South Park's Penn State Jokes: South Park's Biggest Crime Is Bad Comedy

Zachary D. RymerMLB Lead WriterNovember 17, 2011

When something controversial happens, it's really just a matter of time before it is satirized on South Park.

That's just how it is. The show has been on the air for 15 seasons, and Trey Parker and Matt Stone started depending on current events for fresh material years ago. Because the show made it very clear in its very first episode that it has no boundaries, South Park can pretty much get away with anything.

So, you just knew that South Park was going to touch on the Penn State scandal at some point. As far as current events go, there's nothing bigger right now. Moreover, child molestation is not exactly fresh territory for South Park.

Inevitably, Parker and Stone were going to go there.

And they did with Wednesday night's season finale, titled "The Poor Kid."

The Penn State jokes start flying when Kenny and his siblings are taken into a police station and stashed in the "soft room." That's where they are greeted by a case worker named Mr. Adams, who fancies himself as a bit of a comedian.

“I’ve been looking over my file and see you kids have all been horribly physically and emotionally abused,” Mr. Adams said. “Oh, whoops! That isn’t your case file. It’s the Penn State University Gazette. Ha! I’m joking. That’s just a joke. We like to have fun here. It is your case file. I was all just like, ‘It’s the Penn State Gazette,’ to be like a joke. We have fun.”

He continued: "Now listen, you're going to be put into a foster home, so I need to know would you like to go to Neverland Ranch, the Catholic church or Penn State University."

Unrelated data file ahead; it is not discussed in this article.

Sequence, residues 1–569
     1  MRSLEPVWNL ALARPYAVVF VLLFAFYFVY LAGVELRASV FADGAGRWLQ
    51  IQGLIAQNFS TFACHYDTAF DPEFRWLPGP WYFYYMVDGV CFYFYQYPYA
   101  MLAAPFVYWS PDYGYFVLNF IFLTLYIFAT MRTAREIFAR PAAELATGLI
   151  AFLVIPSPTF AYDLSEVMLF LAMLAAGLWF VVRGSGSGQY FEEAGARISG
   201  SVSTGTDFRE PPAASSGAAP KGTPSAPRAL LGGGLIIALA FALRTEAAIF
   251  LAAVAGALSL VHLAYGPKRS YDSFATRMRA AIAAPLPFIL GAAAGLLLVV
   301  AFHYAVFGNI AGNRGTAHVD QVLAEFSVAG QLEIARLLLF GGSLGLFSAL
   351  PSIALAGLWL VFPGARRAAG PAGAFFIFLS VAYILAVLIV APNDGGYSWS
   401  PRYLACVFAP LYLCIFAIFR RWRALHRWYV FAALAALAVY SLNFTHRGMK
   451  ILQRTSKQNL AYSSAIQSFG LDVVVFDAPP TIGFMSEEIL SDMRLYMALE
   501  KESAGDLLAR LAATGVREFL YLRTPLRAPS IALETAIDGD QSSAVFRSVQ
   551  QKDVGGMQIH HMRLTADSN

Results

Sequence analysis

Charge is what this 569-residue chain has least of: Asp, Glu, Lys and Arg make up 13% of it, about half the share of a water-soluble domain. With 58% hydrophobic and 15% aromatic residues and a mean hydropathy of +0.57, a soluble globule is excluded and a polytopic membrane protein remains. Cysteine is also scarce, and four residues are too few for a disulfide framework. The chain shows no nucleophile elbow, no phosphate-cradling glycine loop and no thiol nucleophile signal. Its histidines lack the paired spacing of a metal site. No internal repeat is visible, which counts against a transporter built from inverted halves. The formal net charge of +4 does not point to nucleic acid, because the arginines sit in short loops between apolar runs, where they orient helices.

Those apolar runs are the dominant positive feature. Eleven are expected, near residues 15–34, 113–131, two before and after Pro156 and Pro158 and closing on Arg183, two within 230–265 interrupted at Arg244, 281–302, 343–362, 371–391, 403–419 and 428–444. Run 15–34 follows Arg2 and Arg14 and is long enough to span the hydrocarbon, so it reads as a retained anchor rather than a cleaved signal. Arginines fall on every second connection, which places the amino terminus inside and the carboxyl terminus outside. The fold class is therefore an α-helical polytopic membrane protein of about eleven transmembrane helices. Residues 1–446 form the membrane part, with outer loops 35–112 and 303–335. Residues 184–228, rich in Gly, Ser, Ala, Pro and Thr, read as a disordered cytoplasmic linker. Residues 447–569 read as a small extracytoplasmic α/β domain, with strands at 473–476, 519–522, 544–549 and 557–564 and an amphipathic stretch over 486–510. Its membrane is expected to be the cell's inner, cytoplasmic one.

Guess what those three places have in common.

Last but not least: "I’m going to get you to smile! A Penn State administrator walks into a bar…Where’s that smile? How about this one? Joe Paterno doesn’t walk into a police station…C’mon, that’s a good one!”

Well, there were the jokes, and viewers had two options: Laugh or don't laugh.

Personally, I didn't laugh, and I suspect I'm not the only one. For many, the circumstances at play in the Penn State scandal are ones that should not be used for comedy. As if that wasn't enough, it's certainly way too soon to be making jokes.

But that's not why I didn't laugh. I didn't laugh simply because these jokes weren't funny.

In recent seasons, South Park has turned into a real hit-or-miss show. It is not as consistently funny as it used to be, and that's because many of the jokes just feel forced. Sometimes it works, and sometimes it doesn't.

This is a case of the latter. It didn't surprise me that Parker and Stone decided to use the Penn State mess for comedy, but they just plain did a lousy job of using it for comedy that is actually funny.

There is a way that they could have used Penn State for comedy gold. A good comic mind can make anything funny, no matter how sensitive the subject matter may be. You just have to take your best shot and hope people laugh.

That's exactly what South Park did, and it swung and missed.


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